Mari Matsutoya brings holographic star Hatsune Miku to life in the Transmediale/CTM performance Still Be Here.
Miku is the biggest star you’ve never heard of. Her girlish appearance (she’s 16 with long turquoise pigtails) belies her enormous success in Japan – her concerts are packed with tens of thousands of fans. Simply put, she’s huge. And she’s a hologram.
Matsutoya’s Still Be Here is a headline performance featuring the corporate-owned Miku, who sings fan-generated songs using Vocaloid vocal synthesis software. The multimedia piece includes MikuMikuDance (user-generated freeware) stage sets put together by LaTurbo Avedon, holographic-illusion projection with Miku motion-captured by a dancer directed by Darren Johnston, and music by Laurel Halo. Tokyo-born, London-raised and Berlin-based Matsutoya discusses how and why Miku has risen to superstardom.
Who exactly is Hatsune Miku?
Miku’s attributes were thought up by an illustrator called Kei. But apart from her original clothing design and physical statistic – that she is 16 years old, 42kg and 158cm tall – her characteristics are left largely open to interpretation. Under Creative Commons licensing, users are free to use her image as long as it does not devalue the character and it is not for commercial gain. If you use other people`s interpretations of her, you have to credit them and say “thank you”. I think it’s very important to come to terms with the fact that she is essentially a marketing tool for the Vocaloid software series. Everything else is a projection of what we want her to be, and this is what I wanted to point at. I see the Japanese entertainment industry as a massive marketing feat that is very sensitive to how it is perceived by its global peers, selling them the image they want to see. A true soft power.
Is Hatsune Miku a typically Japanese star?
Japan has always had a knack for churning out pop stars with a slight imperfection, not quite perfect, believable enough to make them attainable in the eyes of the viewer. Now that the virtual pop star has arrived, and we can construct her the way we want, many fans will project imperfections onto her – and many declare that she is not perfect.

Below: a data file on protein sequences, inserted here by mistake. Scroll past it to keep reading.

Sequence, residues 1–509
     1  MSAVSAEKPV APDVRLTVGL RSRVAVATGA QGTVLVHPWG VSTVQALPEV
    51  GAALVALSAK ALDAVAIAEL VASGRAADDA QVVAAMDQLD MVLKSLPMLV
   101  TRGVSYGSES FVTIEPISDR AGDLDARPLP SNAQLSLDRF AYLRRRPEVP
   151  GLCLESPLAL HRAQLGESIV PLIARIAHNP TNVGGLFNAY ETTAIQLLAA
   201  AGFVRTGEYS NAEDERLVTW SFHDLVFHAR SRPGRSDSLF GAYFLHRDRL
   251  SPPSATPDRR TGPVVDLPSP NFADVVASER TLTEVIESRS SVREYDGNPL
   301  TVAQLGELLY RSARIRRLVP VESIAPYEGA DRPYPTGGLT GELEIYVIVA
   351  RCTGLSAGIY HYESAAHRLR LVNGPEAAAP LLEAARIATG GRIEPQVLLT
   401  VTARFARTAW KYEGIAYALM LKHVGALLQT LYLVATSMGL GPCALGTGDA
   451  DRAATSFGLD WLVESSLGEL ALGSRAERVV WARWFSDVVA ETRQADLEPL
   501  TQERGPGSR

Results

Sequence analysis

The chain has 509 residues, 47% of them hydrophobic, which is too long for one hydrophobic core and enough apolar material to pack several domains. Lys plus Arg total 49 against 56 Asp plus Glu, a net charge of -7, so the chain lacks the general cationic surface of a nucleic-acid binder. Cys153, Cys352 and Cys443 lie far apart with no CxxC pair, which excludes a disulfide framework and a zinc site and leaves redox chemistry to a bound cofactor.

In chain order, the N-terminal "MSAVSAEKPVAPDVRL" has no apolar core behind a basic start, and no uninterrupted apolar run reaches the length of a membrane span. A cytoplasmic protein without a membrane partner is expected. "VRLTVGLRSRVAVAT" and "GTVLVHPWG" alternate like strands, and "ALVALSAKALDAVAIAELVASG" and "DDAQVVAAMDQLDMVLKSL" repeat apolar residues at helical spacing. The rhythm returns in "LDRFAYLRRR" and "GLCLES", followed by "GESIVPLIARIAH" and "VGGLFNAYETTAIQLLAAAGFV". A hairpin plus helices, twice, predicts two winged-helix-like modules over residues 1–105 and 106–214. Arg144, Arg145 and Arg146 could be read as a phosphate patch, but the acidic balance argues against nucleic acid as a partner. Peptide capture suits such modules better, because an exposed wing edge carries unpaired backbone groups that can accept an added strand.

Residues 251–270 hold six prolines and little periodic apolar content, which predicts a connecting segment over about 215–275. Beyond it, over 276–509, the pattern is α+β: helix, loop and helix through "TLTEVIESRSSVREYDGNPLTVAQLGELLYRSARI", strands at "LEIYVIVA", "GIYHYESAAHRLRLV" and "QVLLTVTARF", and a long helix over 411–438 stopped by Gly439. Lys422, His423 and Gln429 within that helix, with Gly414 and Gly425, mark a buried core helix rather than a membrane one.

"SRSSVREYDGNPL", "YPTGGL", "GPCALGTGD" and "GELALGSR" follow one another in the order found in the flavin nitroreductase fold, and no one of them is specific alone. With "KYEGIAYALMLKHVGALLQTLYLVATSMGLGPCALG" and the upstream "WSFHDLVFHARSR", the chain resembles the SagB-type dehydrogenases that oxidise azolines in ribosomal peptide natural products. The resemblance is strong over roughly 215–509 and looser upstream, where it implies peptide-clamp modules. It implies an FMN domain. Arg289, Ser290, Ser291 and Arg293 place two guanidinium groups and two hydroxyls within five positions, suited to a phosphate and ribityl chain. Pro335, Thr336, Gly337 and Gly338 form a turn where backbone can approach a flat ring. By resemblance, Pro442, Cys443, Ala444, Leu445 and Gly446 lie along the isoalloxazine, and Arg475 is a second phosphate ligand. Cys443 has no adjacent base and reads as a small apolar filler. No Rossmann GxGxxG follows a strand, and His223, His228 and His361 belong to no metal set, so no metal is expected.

What’s the role of gender in the Hatsune Miku phenomenon?
I do think it is true that the female idol is perhaps more prone to objectification. If Miku were a boy, would there be as much online creative fervour put into pulling down his trousers? There is so much of this skirt-lifting or sexually explicit material out there that even the company she belongs to doesn’t invest much time or effort in controlling this aspect anymore.
What was the collaboration process like between yourself and the other artists and producers involved?
By using somebody else’s voice and the image of a virtual pop star, I was asking four established artists to leave their egos behind and assume the persona of an imaginary character whose persona is decided by the public. We all had our own ideas of who Miku is, so it was very challenging to sculpt one figure out of them all – but in the end, we realised we didn’t have to. In order to represent Miku and what she is, we wanted to refer to the many thousands of creative efforts behind her. In the end, we are adding to the snowball effect around Miku by layering our projections onto previous ones.
STILL BE HERE, Feb 5-6, 21:30 | Haus der Kulturen der Welt, John-Foster-Dulles-Allee 10, Tiergarten, U-Bhf Bundestag